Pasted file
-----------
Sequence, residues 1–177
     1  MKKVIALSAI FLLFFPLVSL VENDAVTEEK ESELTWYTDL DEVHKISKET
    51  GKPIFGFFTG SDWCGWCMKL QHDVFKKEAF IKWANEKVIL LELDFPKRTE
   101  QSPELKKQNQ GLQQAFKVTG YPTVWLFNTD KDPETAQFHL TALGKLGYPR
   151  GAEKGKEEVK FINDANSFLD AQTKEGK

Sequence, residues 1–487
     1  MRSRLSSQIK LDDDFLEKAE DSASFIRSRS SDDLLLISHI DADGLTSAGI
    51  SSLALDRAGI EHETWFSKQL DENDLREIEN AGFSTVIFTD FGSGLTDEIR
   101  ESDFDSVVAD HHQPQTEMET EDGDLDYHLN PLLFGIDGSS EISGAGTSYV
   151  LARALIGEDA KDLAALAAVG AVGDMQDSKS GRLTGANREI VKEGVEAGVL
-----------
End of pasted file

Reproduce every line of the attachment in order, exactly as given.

Sequence, residues 1–177
     1  MKKVIALSAI FLLFFPLVSL VENDAVTEEK ESELTWYTDL DEVHKISKET
    51  GKPIFGFFTG SDWCGWCMKL QHDVFKKEAF IKWANEKVIL LELDFPKRTE
   101  QSPELKKQNQ GLQQAFKVTG YPTVWLFNTD KDPETAQFHL TALGKLGYPR
   151  GAEKGKEEVK FINDANSFLD AQTKEGK

Sequence, residues 1–487
     1  MRSRLSSQIK LDDDFLEKAE DSASFIRSRS SDDLLLISHI DADGLTSAGI
    51  SSLALDRAGI EHETWFSKQL DENDLREIEN AGFSTVIFTD FGSGLTDEIR
   101  ESDFDSVVAD HHQPQTEMET EDGDLDYHLN PLLFGIDGSS EISGAGTSYV
   151  LARALIGEDA KDLAALAAVG AVGDMQDSKS GRLTGANREI VKEGVEAGVL